Website: Bret Pearson Lab
Departments: Developmental & Stem Cell Biology
Our main focus is how Adult Stem Cells make their correct cellular lineage in space and time to replace the exact number and type of cells lost to physiological turnover (homeostasis) or injury (regeneration) and we use the freshwater planarian (flatworm) to understand this question. Planarians offer a unique system to study stem cell lineage production in adult animals in vivo. We focus on 2 fundamental questions in stem cell biology. First, how do stem cells maintain proliferative control in their lineage to ensure that the correct numbers of differentiated cells are produced? To answer this question, we have been testing the function of planarian homologs of human tumor suppressor genes where we find that well known tumor suppressor pathways such as PTEN, p53, and Retinoblastoma function similarly in planarians. Second, we use the regenerative ability of planarians to understand more about stem cell competence and multipotency. For example, when a small piece of a planarian tail is amputated, that tail fragment will regenerate all missing anterior structures in the span of about 10 days. During this process, stem cells that were located in the tail must re-acquire spatial identity and make anterior structures which they have not previously made such as the brain. Our goal is to understand how spatial patterning is used in planarians, and then how spatial patterning is translated by the stem cells/progeny into differentiated cell types during the regeneration of complex tissues.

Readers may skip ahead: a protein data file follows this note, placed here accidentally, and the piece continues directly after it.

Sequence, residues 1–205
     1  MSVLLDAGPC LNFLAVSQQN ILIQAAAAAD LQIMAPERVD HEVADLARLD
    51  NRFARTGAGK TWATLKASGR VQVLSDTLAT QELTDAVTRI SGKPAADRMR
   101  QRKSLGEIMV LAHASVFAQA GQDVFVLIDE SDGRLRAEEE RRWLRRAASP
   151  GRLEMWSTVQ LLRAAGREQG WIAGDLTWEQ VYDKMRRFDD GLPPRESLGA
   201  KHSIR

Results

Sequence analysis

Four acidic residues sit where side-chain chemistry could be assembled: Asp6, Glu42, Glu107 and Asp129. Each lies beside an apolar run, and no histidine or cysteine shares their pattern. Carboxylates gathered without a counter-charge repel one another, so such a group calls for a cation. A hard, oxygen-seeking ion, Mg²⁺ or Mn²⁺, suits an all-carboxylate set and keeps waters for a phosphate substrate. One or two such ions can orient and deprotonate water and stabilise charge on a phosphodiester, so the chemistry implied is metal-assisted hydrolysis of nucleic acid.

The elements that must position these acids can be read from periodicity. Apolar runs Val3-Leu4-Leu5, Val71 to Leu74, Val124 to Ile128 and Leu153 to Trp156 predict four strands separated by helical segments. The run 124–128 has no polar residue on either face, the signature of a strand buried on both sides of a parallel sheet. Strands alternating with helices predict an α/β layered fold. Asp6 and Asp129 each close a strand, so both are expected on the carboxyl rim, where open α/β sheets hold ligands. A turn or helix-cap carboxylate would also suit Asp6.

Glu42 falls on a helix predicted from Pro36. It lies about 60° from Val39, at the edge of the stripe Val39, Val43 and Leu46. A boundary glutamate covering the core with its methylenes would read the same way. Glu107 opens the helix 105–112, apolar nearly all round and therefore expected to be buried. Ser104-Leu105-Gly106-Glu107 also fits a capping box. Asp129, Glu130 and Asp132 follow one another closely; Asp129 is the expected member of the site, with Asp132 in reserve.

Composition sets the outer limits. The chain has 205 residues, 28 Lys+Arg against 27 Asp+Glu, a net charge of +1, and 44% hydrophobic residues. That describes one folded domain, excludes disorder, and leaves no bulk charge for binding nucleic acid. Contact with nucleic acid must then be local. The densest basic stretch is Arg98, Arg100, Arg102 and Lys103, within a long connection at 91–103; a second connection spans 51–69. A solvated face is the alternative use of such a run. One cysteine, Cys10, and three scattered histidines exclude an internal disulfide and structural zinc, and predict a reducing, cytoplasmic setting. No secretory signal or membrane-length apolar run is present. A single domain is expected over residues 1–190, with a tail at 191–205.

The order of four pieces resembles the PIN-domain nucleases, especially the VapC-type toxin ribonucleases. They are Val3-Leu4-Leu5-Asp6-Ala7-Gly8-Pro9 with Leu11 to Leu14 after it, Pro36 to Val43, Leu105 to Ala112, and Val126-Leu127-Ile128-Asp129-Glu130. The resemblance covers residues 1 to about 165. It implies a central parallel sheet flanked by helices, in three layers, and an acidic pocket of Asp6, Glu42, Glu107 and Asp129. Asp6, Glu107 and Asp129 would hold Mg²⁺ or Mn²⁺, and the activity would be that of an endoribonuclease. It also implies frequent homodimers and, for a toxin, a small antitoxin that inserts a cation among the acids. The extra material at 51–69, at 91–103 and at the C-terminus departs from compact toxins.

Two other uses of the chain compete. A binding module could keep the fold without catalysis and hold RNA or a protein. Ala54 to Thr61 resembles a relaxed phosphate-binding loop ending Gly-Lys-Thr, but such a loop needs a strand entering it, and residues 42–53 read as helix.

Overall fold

Recent Stem Cell Publications:
Bret J. Pearson and Alejandro Sánchez Alvarado. A Planarian p53 Homolog Regulates Proliferation and Self-Renewal in Adult Stem Cell Lineages. Development (2010) 137:213-221
Oviedo, NJ, Pearson, BJ, Levin, M and Sánchez Alvarado, A. Planarian PTEN homologs regulate stem cells and regeneration through TOR signaling. Disease Models and Mechanisms (2008) 1:131-143.
Pearson, BJ., and CQ. Doe. Regulation of neuroblast competence in Drosophila. Nature (2003) 425:624-628